Institutional Barriers to Developing Community Indicators in New Zealand: A Preliminary Assessment

Ali Memon, Karen Johnston

Abstract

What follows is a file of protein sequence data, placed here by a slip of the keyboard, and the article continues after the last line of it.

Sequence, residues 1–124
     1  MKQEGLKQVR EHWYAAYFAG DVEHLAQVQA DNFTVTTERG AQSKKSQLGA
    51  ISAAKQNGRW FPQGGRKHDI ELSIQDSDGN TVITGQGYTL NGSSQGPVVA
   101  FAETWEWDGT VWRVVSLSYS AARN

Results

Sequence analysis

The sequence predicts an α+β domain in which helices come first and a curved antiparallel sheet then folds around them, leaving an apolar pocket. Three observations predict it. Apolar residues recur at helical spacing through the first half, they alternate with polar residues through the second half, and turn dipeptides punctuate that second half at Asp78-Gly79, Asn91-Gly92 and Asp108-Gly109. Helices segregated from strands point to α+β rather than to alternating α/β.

There has been enormous activity in many countries and by international agencies during the last few decades to develop indicators to measure trends in different attributes of the environment, including indicators for community wellbeing and for sustainable development. Identifying appropriate indicators of economic, social, environmental, cultural and democratic progress across local government boundaries, as a basis for a strategy to enhance community governance, and as part of a national system of sustainability indicators, is a challenging task. An important dimension that is implicit rather than explicit in the current literature is the significance of institutional barriers to developing indicators. Informed by recent New Zealand experiences, our objective in this paper is to examine those institutional barriers within the context of achieving the wider objectives of the New Zealand Local Government Act 2002 to strengthen participatory democracy and community governance, and the ‘whole-of-government’ sustainable development paradigm that underpins it. We argue that the significance of undertaking the task of indicator development in a collaborative and participatory as well as technically satisfactory manner should not be under-estimated.

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